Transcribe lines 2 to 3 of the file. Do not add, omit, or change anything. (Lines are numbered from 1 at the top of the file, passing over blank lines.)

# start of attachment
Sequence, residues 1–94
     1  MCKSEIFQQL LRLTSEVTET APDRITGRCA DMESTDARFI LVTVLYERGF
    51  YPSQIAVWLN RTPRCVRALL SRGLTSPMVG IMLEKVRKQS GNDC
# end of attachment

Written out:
     1  MCKSEIFQQL LRLTSEVTET APDRITGRCA DMESTDARFI LVTVLYERGF
    51  YPSQIAVWLN RTPRCVRALL SRGLTSPMVG IMLEKVRKQS GNDC